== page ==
Bending the Jewish Yoga Spine … in Minneapolis

This is a guest post by Cia Sautter, a performer and professor with a doctorate in Religion and the Arts. In addition to years of experience teaching yoga, she’s also done extensive research on Jewish movement traditions, and written on Kabbalah and Yoga. She has published a book on The Miriam Tradition: Teaching Embodied Torah, and is currently writing a book on Judaism and yoga. More on her work can be found at
It hasn’t been as easy to do yoga Jewishly in Minneapolis.
In Berkeley, I could go to the Jewish meditation center, or take yoga classes at studio owned by Jews, with Jewish teachers. Then there was a year or so when almost every other weekend I went to kirtan yoga chant nights, lead by this Jewish guy named Jai Uttal – yes, the grammy-nominated singer. It was quite the Jewish yoga experience. It was easy to be a Jew and do yoga with Jews in a place swimming with Jews. I keep trying in Minnesota; the situation may change soon.
I am offering two free Jewish yoga classes at Bet Shalom synagogue on Wednesday September 12 and 19th. The reason for this workshop is simple – when planning for Passover with the Uptown Havurah, we realized a common denominator for those attending was yoga. I also have Jewish friends who like me are West Coast refugees, looking for more active ways to study Jewish spirituality – and we all do yoga.
It seems there is now critical mass for a physical Jewish yoga class where we can actively learn about kabbalah practices. Plus, it would offer creative Jews a chance to meet one another, and practice in a format that encourages community and even discussion – something that we’re probably used to and appreciate, but are missing at many yoga center classes. When I approached Rabbi Locketz of Bet Shalom synagogue about the possibility and need for this workshop, he welcomed the opportunity.
I am part of a Jewish Yoga teacher’s alliance, and know of active classes in New York, Los Angles, and London. Why not here in Minnesota? We aren’t that provincial.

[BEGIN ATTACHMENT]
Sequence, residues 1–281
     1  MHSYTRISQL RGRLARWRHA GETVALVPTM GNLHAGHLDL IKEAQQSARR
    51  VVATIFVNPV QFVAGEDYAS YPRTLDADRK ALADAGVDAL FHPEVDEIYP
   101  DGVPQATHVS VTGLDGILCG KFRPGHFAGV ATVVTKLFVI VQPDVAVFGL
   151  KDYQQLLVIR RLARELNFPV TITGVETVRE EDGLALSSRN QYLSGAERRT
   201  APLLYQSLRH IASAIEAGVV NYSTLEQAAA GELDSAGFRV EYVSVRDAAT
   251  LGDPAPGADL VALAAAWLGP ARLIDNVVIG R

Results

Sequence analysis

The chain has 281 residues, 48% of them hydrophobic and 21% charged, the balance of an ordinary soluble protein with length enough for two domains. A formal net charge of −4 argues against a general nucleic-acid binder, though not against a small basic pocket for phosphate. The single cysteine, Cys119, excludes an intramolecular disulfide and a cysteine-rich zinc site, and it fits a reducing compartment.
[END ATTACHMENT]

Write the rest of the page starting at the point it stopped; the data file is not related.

But I’m not sure what locals know about Judaism and yoga. Previously, I’d discussed the topic at a “Kabbalah Yoga” workshop for the Jewish Mental Health Conference, presenting a simple yoga practice that strongly reflected patterns of movement suggested in the Zohar. I’d done extensive research on the topic, even publishing an article on Kabbah/Yoga. I think some of the participants at the workshop had expected me to share some secret yoga practice that was exclusively Jewish. While it would be nice to find the Jewish Hatha Yoga Pradaprika, there was really isn’t any need to do so.
Throughout Jewish history, we have borrowed from the culture in which we live to great success. Even Hasidic dance and music is really based in the culture of Northern Europe. What made it Jewish was not the exact tunes, dance steps, or even words; it was the intent. Jewish Spiritual tradition tells us that Kavvanah – intention- is everything; this is what counts, and not whether a physical practice originated in the Jewish community.
Kabbalistic Jews did engage in physical forms of prayer, breathe, chant, and dance, and their reasons for doing so bear amazing similarity to yoga concepts of chakras, pranayama, and holistic devotion. While yoga and kabbalah practices are not the same, the similarities suggest that Jews recognized that the body and mind are one, and that the physical is the spiritual.
The workshop I’m offering is free and open to all, with physical yoga movement and kabbalah meditation included. I want to offer some teaching, to relate the practice to Jewish text, but the session will be mainly movement meditation. There will also be time to socialize, because that’s important, so I’m encouraging people to come early – around 6:45, to schmooze before class at 7pm. The class will last about an hour, but I’d like to see us going out afterward for food, drink and discussion. In the first class we’ll focus on the kabbalistic sefirot and the body, using a flowing yoga practice, with attention to energy and emotions. The second class will focus more on breathing and ruach or spirit, for cleansing and renewing.
My hope is that I will see enough interest in starting regular Jewish yoga classes in the Twin Cities area. When I see postings for Jewish yoga classes to prepare for Shabbat at a synagogue in California, I get very excited and very eager to start something locally.
I know some may be intimidated going to a synagogue for the classes, but I’m glad that Bet Shalom is recognizing many Jews need an opportunity for active classes on Jewish spirituality, and something for those of us a little more outside the box.
To pre-register for our September classes, email me at [email protected]. Even if you can’t attend these first classes, but you want to be involved, email me to get on our email list.
(Photo: s3k)